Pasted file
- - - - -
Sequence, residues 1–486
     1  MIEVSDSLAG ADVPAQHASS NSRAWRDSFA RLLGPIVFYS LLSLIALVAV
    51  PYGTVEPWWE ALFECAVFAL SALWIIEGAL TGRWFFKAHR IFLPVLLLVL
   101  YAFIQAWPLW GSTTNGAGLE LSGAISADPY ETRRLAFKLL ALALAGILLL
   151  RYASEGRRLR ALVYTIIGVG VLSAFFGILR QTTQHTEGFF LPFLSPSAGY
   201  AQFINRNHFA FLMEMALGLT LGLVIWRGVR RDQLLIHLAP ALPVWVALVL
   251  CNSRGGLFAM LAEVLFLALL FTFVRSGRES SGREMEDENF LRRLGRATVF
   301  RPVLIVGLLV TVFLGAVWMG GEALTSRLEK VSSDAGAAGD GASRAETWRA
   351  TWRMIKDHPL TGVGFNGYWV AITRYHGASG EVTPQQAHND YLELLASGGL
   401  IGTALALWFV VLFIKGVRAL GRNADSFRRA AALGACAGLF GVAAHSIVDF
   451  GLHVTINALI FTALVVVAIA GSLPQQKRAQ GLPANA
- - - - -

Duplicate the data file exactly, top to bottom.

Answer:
Sequence, residues 1–486
     1  MIEVSDSLAG ADVPAQHASS NSRAWRDSFA RLLGPIVFYS LLSLIALVAV
    51  PYGTVEPWWE ALFECAVFAL SALWIIEGAL TGRWFFKAHR IFLPVLLLVL
   101  YAFIQAWPLW GSTTNGAGLE LSGAISADPY ETRRLAFKLL ALALAGILLL
   151  RYASEGRRLR ALVYTIIGVG VLSAFFGILR QTTQHTEGFF LPFLSPSAGY
   201  AQFINRNHFA FLMEMALGLT LGLVIWRGVR RDQLLIHLAP ALPVWVALVL
   251  CNSRGGLFAM LAEVLFLALL FTFVRSGRES SGREMEDENF LRRLGRATVF
   301  RPVLIVGLLV TVFLGAVWMG GEALTSRLEK VSSDAGAAGD GASRAETWRA
   351  TWRMIKDHPL TGVGFNGYWV AITRYHGASG EVTPQQAHND YLELLASGGL
   401  IGTALALWFV VLFIKGVRAL GRNADSFRRA AALGACAGLF GVAAHSIVDF
   451  GLHVTINALI FTALVVVAIA GSLPQQKRAQ GLPANA